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February 16th, 2010:

Tax has made no impact on teen smoking

SCMP, Jeff Leung, Quarry Bay

16th Feb, 2010

I wrote to these columns more than two years ago about an increased tax on tobacco.

I said that the only people who would benefit from such a policy would be criminals and that the problem of smuggling cigarettes from over the border would get worse.

I was rebuked by other correspondents who argued that raising the levy had been shown to be the most effective way in other countries to deal with the problem of teenagers smoking.

However, smuggling activities have increased and I believe the problem of youngsters smoking is getting worse.

I also raised concerns about the Tobacco Control Office and said that it should be given more teeth. I said that prompt enforcement action would act as a wake-up call and deterrent for the public. However, I still read reports about people suspected of breaking anti-smoking laws refusing to show their identity cards when asked to do so by tobacco control officers.

Some officers have complained about low morale because of a lack of training and sometimes having to deal with people who are agitated and drunk.

Some officers have resigned as they think there is a lack of respect on the part of the public. Also they do not feel their career prospects are good.

The government does not seem to think there is a problem. It should try to clamp down on cigarette smuggling and impose tougher penalties on smugglers and on those individuals who sell illegal cigarettes wholesale.

The duties and benefits that are offered to tobacco control officers should also be reviewed.

An effort should be made to persuade disillusioned officers to stay on.

This can help improve the situation in Hong Kong and enable us to deal with the problems I have described.

Finally, people who have behaved badly when these officers approached them should take a long, hard look at themselves and consider their behaviour.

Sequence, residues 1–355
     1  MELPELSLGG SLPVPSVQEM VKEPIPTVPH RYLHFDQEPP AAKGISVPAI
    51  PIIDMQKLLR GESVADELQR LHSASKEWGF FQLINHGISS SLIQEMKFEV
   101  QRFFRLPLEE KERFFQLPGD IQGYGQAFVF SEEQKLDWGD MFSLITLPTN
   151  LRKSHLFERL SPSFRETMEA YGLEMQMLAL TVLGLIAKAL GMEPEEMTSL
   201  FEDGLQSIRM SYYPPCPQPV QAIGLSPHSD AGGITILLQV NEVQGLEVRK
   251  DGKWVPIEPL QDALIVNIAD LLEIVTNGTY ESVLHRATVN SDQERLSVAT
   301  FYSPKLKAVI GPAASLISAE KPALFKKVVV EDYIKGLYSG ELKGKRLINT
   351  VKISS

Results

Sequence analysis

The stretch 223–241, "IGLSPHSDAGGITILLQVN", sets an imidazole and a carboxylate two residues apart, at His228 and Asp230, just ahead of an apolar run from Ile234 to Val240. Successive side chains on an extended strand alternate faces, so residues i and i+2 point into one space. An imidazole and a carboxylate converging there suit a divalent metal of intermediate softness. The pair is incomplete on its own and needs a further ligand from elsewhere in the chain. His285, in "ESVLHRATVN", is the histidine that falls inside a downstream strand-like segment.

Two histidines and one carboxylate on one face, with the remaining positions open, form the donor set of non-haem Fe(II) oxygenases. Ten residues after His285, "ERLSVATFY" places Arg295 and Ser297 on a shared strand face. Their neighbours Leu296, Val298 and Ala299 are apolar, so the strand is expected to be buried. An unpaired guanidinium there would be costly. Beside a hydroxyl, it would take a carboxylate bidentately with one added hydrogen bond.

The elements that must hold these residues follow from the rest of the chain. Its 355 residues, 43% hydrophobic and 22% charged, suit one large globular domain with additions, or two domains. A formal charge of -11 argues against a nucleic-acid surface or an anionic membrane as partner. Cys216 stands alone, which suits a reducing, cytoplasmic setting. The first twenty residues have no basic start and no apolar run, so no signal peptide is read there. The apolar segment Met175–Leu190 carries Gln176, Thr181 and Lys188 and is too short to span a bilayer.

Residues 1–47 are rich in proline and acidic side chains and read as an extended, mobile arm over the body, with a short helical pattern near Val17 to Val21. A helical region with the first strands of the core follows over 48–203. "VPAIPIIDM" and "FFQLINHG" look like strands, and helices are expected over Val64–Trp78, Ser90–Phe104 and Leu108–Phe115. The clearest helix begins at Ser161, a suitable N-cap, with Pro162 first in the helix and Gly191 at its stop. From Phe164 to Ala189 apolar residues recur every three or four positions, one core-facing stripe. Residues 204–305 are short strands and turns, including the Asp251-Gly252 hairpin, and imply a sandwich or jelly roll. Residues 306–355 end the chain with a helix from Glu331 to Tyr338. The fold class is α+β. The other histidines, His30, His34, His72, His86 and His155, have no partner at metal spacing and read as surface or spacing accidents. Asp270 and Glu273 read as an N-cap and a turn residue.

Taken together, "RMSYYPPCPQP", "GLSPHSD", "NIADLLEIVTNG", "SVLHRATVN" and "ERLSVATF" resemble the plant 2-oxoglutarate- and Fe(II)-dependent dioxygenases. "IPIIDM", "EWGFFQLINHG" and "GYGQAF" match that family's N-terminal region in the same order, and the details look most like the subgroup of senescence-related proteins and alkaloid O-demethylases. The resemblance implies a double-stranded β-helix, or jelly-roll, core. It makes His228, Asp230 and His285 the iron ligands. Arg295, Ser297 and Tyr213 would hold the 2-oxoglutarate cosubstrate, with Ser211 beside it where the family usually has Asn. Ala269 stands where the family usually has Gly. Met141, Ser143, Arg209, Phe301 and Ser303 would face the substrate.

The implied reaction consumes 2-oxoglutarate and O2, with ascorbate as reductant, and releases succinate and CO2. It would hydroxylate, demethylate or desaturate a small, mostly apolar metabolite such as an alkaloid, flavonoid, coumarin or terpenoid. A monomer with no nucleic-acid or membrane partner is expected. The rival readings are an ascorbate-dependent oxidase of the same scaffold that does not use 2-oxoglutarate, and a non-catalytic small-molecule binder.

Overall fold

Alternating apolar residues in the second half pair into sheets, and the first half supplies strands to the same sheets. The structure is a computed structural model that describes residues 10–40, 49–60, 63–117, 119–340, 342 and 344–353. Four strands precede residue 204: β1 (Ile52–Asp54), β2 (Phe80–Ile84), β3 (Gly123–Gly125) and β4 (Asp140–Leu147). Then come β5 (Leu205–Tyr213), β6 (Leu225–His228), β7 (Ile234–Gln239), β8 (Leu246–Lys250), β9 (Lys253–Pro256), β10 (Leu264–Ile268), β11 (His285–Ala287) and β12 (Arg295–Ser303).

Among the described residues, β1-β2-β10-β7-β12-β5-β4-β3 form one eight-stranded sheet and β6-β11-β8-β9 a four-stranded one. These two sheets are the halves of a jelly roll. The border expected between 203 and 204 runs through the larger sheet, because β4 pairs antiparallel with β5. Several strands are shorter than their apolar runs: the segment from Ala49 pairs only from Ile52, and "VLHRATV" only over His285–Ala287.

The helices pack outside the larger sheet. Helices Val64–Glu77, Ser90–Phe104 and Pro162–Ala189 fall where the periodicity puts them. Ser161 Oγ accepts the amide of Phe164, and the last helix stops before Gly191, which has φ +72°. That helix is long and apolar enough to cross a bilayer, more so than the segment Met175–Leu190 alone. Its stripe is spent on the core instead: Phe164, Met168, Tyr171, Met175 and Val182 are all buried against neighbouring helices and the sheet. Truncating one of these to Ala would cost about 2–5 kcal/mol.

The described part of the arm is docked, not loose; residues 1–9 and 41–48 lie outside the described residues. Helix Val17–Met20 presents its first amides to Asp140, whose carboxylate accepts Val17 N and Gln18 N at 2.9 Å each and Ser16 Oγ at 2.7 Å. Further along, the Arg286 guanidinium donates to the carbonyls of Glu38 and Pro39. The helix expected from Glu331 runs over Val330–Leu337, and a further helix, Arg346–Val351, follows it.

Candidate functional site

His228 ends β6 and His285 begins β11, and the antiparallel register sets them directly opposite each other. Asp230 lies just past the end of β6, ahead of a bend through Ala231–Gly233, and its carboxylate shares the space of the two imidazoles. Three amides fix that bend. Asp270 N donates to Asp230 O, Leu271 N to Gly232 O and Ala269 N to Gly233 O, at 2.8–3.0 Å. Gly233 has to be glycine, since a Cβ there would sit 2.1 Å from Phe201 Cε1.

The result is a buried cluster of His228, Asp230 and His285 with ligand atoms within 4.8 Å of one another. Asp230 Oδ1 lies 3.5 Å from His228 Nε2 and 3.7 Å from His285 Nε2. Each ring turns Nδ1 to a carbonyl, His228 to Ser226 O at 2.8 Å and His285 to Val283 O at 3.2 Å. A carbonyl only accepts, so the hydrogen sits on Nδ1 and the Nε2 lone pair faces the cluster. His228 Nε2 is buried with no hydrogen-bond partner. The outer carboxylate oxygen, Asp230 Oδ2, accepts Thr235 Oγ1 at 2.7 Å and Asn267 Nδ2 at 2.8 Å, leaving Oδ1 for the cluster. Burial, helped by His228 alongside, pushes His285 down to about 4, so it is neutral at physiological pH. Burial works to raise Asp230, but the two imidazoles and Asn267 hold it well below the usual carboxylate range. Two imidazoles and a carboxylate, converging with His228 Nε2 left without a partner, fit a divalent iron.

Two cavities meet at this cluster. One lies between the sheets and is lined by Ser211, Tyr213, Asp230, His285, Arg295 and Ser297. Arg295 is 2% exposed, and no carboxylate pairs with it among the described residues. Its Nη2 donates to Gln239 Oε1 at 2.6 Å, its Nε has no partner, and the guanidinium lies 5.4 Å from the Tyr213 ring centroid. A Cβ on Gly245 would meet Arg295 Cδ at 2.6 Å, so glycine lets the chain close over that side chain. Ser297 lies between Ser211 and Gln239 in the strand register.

How Eliminating the Global Illicit Cigarette Trade Would Increase Tax Revenue and Save Lives

Click here to download the report from WHO.

HM Government Smokefree Future

HM Government had just published the document call a Smokefree Future. Click here to download the paper.

Action on Smoking and Health

16th Feb, 2010

Cost benefit analysis of the DCTC Protocol on illicit trade in tobacco products

Paul Johnson from Action on Smoking and Health had published a report on the DCTC Protocol. Please click here to download the pdf.

Smoking-attributable deaths and potential years of life lost from a large, representative study in China

If you want to know more about how tobacco affect people’s health in China, please chick here to download the pdf document.

there are also other documents related to tobacco:

china taxation on tobacco

outdoor smoking

Smoking ban outside restaurants

ABC news

16th Feb, 2010

Smoking outside of restaurants and cafes in a northern Tasmanian city will be banned from next year.

The Launceston Council has voted to ban smoking in on-street dining areas.

Launceston Mayor Albert van Zetten says the ban will be effective from January the first next year.

“So that’s a fair way off, we’re giving people the time to work out what it means for the businesses and we need to be aware that with smoking there’s only around about 20 per cent of people smoke,” he said.

“80 per cent have said in a survey they support the stand that council is taking.”